• The AG votes as a bloc to elect 13 AG members to congress in 1990, while the Universal Church uses bloc voting to elect three of its members (Fonseca forthcoming; Freston 2001: 17). The Universal Church wins greater political clout in subsequent elections, electing six of its members to congress in 1994 and 16 in 1998 (Fonseca forthcoming).



  • In 1994, after Collor’s impeachment, presidential elections again pit Lula against a more centrist candidate, Fernando Henrique Cardoso of the Brazilian Social Democracy Party. Although many pentecostals, including Macedo, still oppose Lula, some pentecostal leaders and evangelical groups such as the newly formed Progressive Evangelical Movement support him. Analysis by Prandi and Pierucci (1994) suggests that pentecostals favor Cardoso, the ultimate winner. In 1998, Cardoso easily wins re-election against Lula, again with significant pentecostal support (Freston 2001: 34-48).


Pentecostals and the Left, 1994-2002

    • After the return to democracy, Brazil’s evangelical left becomes the largest in Latin America (Freston 2001: 33). Its most well known representative is Benedita da Silva, who becomes a Workers Party activist and city councilor in Rio after joining the AG. She is elected to the Constituent Assembly in 1986 and in 1994 becomes Brazil’s first black woman senator (Fonseca forthcoming).


  • With support from some pentecostal politicians and businessmen, Benedita da Silva allies with populist Anthony Garotinho of the Democratic Labor Party, who becomes an evangelical Presbyterian in 1994. In 1998, Garotinho and da Silva are elected as governor and vice-governor of Rio state, having actively courted and received evangelical support (Freston 2001: 49; Fonseca forthcoming). After Garotinho steps down as governor to seek the presidency in 2002, his wife Rosinha Matheus and da Silva, who serves as interim governor, oppose each other for the governorship. This creates a contest between two left-wing evangelical women for a major political office, unprecedented in Catholic-majority Brazil (Fonseca forthcoming). Matheus wins and da Silva becomes Minister of Social Action in Lula’s government in 2003, a post she holds until January 2004.



  • In the 2002 presidential elections, Garotinho runs on the Brazilian Socialist Party ticket, and his campaign features visits to pentecostal churches and appearances on evangelical radio. He wins 18% of the vote in the first round, with support from 37% of evangelical voters, narrowly missing qualifying for the runoff (Fonseca forthcoming).


Pentecostals and Lula, 2002-2006

    • Garotinho then endorses Lula in the runoff, helping him secure the endorsement of some 500 evangelical leaders (Guilherme, Nov. 15, 2002). Among pentecostal churches, Universal Church and Reborn in Christ leaders throw their support to Lula in 2002, while the Assemblies of God and the Church of the Foursquare Gospel support government candidate José Serra (Oro 2005: 12). The center-right Liberal Party, heavily influenced by the Universal Church since the 1999 elections, also joins with Lula in the 2002 elections, and its leader, businessman José Alencar, becomes Lula’s running mate. Lula and Alencar win the second round with 61% of the vote (Hunter 2006: 17-18, 22).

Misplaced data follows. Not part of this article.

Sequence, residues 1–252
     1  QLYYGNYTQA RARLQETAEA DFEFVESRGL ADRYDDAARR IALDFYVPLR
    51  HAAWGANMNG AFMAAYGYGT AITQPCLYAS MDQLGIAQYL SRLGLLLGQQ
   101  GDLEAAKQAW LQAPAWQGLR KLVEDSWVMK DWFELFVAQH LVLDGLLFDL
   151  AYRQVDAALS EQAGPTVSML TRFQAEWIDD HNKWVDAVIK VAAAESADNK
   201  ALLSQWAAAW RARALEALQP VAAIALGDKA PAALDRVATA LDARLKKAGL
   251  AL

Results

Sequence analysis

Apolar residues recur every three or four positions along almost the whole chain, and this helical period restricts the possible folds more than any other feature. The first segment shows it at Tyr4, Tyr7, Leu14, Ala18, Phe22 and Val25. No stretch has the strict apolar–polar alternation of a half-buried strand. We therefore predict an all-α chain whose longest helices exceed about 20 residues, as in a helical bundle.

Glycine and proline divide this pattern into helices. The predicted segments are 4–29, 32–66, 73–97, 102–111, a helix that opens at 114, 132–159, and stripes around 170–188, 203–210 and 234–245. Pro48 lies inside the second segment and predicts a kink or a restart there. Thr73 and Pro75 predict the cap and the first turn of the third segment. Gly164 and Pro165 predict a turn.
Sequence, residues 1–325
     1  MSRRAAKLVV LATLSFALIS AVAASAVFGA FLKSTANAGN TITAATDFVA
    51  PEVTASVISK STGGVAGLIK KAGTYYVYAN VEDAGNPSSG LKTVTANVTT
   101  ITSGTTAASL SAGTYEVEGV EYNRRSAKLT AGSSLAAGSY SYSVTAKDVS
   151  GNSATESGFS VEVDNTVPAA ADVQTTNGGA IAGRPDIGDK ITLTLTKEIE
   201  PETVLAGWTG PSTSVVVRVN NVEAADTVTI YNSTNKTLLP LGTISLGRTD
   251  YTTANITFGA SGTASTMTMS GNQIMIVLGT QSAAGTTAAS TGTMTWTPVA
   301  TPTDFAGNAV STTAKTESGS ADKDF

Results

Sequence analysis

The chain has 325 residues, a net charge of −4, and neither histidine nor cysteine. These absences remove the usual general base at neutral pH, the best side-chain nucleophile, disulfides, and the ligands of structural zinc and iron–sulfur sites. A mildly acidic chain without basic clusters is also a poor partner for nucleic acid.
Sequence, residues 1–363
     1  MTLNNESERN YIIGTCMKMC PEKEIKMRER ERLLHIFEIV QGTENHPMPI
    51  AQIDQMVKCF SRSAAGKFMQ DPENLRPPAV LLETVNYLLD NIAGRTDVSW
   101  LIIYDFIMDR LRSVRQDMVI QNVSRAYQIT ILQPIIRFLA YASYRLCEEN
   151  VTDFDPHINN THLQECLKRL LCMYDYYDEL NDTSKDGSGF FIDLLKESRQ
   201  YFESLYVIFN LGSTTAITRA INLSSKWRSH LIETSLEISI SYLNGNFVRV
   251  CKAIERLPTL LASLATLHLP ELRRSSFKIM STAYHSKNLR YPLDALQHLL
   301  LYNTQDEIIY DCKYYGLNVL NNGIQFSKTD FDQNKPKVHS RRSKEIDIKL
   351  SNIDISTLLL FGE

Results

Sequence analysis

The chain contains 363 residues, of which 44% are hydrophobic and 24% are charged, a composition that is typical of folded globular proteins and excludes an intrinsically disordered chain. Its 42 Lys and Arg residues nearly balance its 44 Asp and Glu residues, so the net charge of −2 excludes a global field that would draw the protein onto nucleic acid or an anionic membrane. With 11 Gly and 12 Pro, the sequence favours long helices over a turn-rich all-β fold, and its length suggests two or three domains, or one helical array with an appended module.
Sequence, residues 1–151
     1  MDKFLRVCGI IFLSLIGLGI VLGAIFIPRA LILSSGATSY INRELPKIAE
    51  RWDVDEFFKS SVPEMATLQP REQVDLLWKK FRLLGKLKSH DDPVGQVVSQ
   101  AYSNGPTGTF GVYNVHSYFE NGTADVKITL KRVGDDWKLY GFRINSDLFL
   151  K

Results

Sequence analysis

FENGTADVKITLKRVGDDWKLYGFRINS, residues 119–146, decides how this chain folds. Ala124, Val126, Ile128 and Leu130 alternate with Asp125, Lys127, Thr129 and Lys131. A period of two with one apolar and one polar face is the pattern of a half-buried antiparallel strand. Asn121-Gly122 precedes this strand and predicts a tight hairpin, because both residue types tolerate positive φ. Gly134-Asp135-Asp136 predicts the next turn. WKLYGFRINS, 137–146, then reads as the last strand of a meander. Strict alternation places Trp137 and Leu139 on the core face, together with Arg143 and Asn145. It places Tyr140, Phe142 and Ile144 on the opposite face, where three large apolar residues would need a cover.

• Of the 17 Universal Church members elected to congress in 2002, eight are in the Liberal Party, nearly half of the Universal Church’s representation and more than 25% of the Liberal Party’s congressional delegation (Freston 2004c: 147).



  • As of 2004, more than 60 Protestants are serving in congress, 10% of Brazil’s nearly 600-member congress. Two-thirds are official candidates of the Universal Church, AG and Church of the Foursquare Gospel. Of the approximately 160 Protestants serving in congress between 1987 and 2006, about 100 are pentecostals (Freston 2001: 19; Freston 2004b: 34). In September 2003, pentecostals and other Protestant members form the Evangelical Parliamentary Front, similar to previous evangelical lobbies and caucuses organized since 1986 (Chu, June 7, 2004).



  • In the wake of corruption allegations implicating Universal Church and AG politicians as well as members of Lula’s Workers Party, a new Universal Church-supported political party officially registers in August 2005 and is ultimately named the Brazilian Republican Party, headed by Universal Church pastor Vitor Paulo dos Santos. Those joining the new party include Vice President José Alencar, former head of the Liberal Party and Lula’s running mate for the October 2006 presidential elections, and senator and Universal Church bishop Marcelo Crivella, nephew of Universal Church founder Macedo (ALC, Oct. 3, 2005). Crivella is the first elected Universal Church senator and he places third for the governorship of the state of Rio de Janeiro in the October 2006 elections. Among a disproportionately large number of pentecostal and evangelical congress members under investigation since early 2006 for a contract kickback scandal, many are not reelected to office.



  • In the 2006 presidential campaign, both Lula and his primary rival, Geraldo Alckmin, seek pentecostal support. The two largest AG conventions in Brazil split their support for Lula and Alckmin shortly before the first round of elections (Kerr, Sept. 12, 2006; Khalip, Sept. 21, 2006). After Lula fails to win a first round majority, Garotinho endorses Lula, potentially boosting Lula’s evangelical support (EFE News Service, Oct. 3, 2006).